Albert Pujols closed on 700 home runs

scheduled tribe. LOUIS – Anyone who knows baseball knows better than to expect a perfect ending. Baseball is too smart for that.

When Albert Pujols moved back to the St. Louis Cardinals, digging this spring to join Yadier Molina and Adam Wainwright for one last Cardinals ride — well, what more could one ask for? After all, decades of daily baseball habits had reduced even the mighty Pujols to something he once was. Just being there, surviving long enough to come home with something left to give, was something.

But those daily baseball habits also include nighttime alignments of baseball stars who, with regularity, have conspired to tug on Pujol in the resulting moments. He has done so much that one September afternoon, the Cardinals’ radio broadcast of what would be Pujol’s final game against the rival Chicago Cubs, Ricky Horton, could not but wonder.

“If you were writing a script for this game for Albert’s final game against the Cubs, I think the script would be killing him for nothing late in the game for a home drive,” Horton said, and Pujols, who was going to the cages to take some swings if the Cubs brought Lefty for the eighth, heard him.

Cardinals manager Oliver Marmol recalled, “He said he stopped and heard it and was like, ‘Yeah, that would be cool. A few minutes later, after a standing ovation as he emerged into the dugout and another when he stepped into the on-deck circle, Pujols hit that homer,

“That’s why I was smiling all the way when I hit first base to home plate,” Pujols then said. “That was the last thing that was playing on my mind. I couldn’t believe it happened.”

What’s Happening Now For Pujol As He Enters Saturday 700. two homers away In a season he has stood no chance of getting there, it’s as unbelievable as it suits Albert Pujols. In first half of the season, Pujols hit .215 with a .676 on-base-plus-slugging percentage. In the second half, he entered Saturday hitting .328 with 1.109 OPS. If he had enough at-bats to qualify, he would have the second highest second ops among the majors – behind only aaron judge,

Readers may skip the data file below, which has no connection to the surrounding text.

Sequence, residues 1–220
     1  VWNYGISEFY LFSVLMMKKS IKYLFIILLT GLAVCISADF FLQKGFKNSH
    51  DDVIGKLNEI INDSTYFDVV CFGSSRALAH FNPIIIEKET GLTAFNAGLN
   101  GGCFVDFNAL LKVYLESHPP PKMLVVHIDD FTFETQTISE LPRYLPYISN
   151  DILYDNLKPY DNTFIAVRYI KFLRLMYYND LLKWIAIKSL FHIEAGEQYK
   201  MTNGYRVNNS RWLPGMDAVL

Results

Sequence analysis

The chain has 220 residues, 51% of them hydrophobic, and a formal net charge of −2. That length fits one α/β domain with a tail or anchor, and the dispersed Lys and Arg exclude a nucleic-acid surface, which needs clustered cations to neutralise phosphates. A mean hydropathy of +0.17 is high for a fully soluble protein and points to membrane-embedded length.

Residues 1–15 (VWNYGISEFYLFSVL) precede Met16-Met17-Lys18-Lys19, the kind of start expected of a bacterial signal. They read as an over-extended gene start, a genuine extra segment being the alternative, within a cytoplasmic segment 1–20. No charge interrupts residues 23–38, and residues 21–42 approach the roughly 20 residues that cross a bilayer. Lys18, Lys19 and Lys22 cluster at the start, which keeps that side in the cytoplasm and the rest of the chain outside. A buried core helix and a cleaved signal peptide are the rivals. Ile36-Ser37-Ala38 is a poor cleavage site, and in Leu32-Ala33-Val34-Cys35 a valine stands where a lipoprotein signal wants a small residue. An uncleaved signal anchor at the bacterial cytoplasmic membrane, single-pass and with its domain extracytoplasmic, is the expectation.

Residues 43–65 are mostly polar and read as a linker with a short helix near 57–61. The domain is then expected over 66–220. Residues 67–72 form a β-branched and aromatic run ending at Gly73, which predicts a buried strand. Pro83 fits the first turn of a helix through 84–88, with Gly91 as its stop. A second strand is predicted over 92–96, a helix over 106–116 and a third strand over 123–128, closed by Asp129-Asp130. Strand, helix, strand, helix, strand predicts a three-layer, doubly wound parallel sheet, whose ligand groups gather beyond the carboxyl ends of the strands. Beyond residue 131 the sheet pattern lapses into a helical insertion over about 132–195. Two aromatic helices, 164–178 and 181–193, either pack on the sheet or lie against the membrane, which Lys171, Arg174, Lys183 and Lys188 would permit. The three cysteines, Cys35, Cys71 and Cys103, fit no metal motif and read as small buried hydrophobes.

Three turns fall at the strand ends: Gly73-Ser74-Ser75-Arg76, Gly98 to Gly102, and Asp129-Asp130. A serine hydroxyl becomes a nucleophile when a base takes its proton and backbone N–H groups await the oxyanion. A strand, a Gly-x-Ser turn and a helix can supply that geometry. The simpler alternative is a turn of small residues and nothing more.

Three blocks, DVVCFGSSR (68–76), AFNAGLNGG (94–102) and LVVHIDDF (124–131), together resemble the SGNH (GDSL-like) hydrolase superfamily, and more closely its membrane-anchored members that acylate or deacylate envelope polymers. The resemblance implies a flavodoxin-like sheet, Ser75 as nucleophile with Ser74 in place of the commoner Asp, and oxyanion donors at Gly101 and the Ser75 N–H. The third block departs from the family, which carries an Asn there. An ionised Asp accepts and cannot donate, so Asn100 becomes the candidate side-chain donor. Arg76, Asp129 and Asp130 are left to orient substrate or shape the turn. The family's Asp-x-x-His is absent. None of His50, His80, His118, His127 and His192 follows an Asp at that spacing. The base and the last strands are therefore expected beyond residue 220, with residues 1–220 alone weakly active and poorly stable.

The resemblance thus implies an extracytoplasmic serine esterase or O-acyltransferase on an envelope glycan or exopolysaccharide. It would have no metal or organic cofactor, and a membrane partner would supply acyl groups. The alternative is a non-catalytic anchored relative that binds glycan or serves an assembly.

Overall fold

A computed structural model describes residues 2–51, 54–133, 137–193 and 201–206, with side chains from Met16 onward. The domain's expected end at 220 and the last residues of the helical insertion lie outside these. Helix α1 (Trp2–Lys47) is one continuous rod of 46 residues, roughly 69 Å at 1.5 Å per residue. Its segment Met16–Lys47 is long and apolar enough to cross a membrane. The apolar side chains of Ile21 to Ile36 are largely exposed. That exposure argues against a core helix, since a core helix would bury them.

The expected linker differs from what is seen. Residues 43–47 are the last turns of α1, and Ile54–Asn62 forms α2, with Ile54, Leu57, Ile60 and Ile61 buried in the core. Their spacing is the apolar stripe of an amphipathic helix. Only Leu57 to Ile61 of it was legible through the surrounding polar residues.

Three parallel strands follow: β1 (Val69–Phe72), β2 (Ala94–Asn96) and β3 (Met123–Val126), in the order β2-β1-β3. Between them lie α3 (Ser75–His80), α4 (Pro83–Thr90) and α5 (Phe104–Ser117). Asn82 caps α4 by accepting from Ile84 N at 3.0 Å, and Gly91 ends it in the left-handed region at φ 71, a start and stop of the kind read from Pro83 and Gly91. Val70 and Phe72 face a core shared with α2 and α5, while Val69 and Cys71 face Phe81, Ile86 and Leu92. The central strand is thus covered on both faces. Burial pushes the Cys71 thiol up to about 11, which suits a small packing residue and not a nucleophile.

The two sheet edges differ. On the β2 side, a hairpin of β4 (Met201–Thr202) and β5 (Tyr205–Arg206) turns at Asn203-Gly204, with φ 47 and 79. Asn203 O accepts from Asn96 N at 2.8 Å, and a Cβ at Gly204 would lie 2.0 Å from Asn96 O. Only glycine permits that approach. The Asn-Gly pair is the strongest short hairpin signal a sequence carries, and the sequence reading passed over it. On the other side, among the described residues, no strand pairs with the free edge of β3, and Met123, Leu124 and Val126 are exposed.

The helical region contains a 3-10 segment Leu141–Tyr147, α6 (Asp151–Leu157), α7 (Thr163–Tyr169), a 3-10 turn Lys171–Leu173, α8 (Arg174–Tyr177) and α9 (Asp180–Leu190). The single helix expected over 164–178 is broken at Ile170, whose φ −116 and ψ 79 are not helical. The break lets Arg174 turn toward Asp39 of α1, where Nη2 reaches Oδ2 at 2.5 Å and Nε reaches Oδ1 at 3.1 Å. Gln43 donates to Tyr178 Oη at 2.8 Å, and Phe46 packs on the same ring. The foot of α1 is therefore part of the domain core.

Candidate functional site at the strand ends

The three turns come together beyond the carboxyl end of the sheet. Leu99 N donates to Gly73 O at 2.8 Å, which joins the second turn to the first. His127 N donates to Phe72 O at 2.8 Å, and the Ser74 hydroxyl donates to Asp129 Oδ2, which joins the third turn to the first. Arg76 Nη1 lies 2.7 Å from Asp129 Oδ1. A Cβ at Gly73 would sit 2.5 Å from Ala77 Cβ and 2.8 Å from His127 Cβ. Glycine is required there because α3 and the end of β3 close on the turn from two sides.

Pujols does not have enough at-bats to qualify because until recently, the Cardinals were not using them regularly. They planned to win the National League Central and did so without Vintage Pujols. He hasn’t been that kind of hitter in quite some time, and Nolan Arenado and Paul Goldschmidt in the middle of their lineup had one of the game’s most powerful one-two punches. The Cardinals didn’t need vintage Pujols.

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“When we originally signed him, we were going to see him face more left-handers and that’s it,” said John Mozeliac, the Cardinals’ president of baseball operations. “But the fact that he has some really impressive batting against right-handed batsmen has made all of us reconsider a bit. And of course, fans are coming and want to see them hit. Luckily, I don’t have to lineup. but maybe olek [Marmol] They are under a little more pressure than they were two or three months ago.

35-year-old Marmol is younger than 42-year-old Pujol. he is a first year manager in a city It really doesn’t let anyone get at ease in their baseball business. And he’s spent his first year on the job, building a reputation for being clearly on the straight, blunt range. So when he says he’s building his lineup to win the game, not the heart – to give the Cardinals the best chance of chasing NL East leader for second overall seed In the NL playoffs—and the goodbyes that come with it—he’s confident.

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“The pieces have fallen in a way where Albert is swinging a really good bat,” Marmol said. “When I sit here and do the lineup, my main focus is on how we win tonight, but that doesn’t mean I don’t care about what’s going on. But my first The filter is how we can win.”

Through that filter, playing Pujols against a right-hander pitching, as opposed to catching him late facing a good lefty, was not always the right choice this season. But lately, Marmol thinks, it has been.

Although Pujols was not in the lineup against Milwaukee Brewers ace Corbin Burns, the other three times the Cardinals faced him this year, Marmol kept him there this week. He noted that he could have used strikeout-prone Tyler O’Neill against strikeout magician Burns, but Pujols strikes much less frequently.

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But no one needs much explanation at Bush Stadium. Cardinals fans, tight-lipped and meticulous with their baseballs, are absolutely asking for Marmol to choose their spots and not to sit Pujol more often.